Neurotransmitter release from astroglial cells

Neurotransmitters such as glutamate, ATP, GABA etc. are the material substrates of synaptic transmission, and their regulated release in the CNS was, for many years, believed to be a sole prerogative of neurones and neuro-endocrine cells. Experimental investigations of glial cells performed over the last 15 years, however, have clearly demonstrated that at least some neurotransmitters can be released from astroglial cells (Table 5.3). Thus, chemical transmission is the universal mechanism for communication between both neurones and astrocytes (it has not yet been established that oligodendrocytes, microglia or NG2-glia release neurotransmitters, but they clearly respond to neurotransmitters released by

Table 5.3 'Glio' transmitters

Neurotransmitter

Mechanism of release

Function

Glutamate

Vesicular, hemichannels,

Activation of neuronal glutamate

P2X7 receptors

receptors

Aspartate

Hemichannels

Activation of neuronal glutamate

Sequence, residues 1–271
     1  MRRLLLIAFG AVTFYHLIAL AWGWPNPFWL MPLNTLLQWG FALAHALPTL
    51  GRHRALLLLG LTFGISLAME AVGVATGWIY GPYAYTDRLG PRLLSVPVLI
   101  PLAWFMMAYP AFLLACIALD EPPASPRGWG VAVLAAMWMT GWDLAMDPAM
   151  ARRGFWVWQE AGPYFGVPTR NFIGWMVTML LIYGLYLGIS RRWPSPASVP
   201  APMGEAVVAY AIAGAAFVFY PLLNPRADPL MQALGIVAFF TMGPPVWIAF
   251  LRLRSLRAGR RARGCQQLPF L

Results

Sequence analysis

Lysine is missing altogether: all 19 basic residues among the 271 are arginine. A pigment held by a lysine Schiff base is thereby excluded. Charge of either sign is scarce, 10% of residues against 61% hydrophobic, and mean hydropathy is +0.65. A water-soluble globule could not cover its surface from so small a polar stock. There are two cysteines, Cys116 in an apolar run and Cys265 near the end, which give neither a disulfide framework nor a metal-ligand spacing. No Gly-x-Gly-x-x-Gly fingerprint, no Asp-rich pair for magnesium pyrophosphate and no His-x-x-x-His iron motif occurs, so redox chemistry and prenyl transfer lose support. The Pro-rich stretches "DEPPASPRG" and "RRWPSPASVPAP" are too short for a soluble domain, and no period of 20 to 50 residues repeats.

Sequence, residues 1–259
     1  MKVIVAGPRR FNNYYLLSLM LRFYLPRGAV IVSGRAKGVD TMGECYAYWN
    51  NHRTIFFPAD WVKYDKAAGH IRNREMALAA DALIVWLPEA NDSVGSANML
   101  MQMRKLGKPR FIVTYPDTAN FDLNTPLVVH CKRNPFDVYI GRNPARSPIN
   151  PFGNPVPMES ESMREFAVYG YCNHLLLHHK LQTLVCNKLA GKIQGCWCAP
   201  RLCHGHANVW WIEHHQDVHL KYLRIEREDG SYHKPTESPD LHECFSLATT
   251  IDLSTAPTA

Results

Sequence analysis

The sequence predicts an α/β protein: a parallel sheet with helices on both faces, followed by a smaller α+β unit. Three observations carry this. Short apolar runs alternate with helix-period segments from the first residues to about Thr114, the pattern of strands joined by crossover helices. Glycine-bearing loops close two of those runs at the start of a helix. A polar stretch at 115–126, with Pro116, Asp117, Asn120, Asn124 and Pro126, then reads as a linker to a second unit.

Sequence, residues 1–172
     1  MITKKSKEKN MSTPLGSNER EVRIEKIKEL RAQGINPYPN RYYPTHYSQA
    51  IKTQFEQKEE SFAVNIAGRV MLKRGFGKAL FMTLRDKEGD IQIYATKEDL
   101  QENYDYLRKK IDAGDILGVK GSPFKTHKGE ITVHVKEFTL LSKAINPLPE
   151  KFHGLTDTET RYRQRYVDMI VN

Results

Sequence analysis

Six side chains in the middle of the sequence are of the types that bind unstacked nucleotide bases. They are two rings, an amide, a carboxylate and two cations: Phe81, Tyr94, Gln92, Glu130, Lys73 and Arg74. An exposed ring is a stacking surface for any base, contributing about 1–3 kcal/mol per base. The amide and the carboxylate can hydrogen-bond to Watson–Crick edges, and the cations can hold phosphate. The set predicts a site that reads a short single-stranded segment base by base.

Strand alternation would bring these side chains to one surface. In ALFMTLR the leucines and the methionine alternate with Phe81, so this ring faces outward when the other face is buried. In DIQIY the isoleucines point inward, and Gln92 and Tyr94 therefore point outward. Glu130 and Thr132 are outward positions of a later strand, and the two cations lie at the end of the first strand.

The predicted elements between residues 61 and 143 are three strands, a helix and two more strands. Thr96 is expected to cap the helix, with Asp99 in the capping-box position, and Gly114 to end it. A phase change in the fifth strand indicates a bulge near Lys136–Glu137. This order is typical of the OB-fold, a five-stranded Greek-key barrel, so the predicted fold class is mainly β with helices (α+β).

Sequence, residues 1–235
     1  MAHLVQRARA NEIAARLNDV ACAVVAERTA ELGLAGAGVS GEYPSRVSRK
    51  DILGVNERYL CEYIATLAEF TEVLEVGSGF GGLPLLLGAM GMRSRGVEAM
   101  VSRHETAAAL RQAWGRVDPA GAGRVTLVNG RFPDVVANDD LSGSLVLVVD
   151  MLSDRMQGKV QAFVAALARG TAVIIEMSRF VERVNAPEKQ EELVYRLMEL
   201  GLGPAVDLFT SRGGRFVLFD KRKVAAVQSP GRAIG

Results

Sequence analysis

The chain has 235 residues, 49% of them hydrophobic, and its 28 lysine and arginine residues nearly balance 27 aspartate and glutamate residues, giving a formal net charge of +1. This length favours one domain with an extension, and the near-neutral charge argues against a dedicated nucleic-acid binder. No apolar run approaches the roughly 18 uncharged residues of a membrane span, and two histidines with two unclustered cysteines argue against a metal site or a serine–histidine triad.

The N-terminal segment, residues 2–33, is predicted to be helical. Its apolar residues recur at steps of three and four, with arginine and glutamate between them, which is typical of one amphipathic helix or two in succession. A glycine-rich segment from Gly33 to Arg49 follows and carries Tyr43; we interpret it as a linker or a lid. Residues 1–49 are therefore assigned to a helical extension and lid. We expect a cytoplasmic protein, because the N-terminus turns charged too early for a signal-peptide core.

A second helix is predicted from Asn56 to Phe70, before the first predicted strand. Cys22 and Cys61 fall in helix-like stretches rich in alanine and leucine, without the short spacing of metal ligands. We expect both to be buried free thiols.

receptors

ATP

Vesicular, hemichannels

Activation of neuronal and glial

purinoreceptors; initiation of

propagating calcium waves

though glial syncytium

D-serine

Transporter (?); vesicular (?)

Activation of neuronal NMDA

receptors

Homocysteine

??

Activation of neuronal NMDA

receptors

Taurine

Volume-activated chloride

Activation of glycine receptors in

channels

supraoptic nuclei and

circumventricular organ

neurones and astrocytes). Neurotransmitters can be released from astrocytes via several pathways, generally classified as nonvesicular and vesicular, the difference being determined by whether transmitter was accumulated into specialized vesicles before release, or, alternatively, was released directly from the cytosol.

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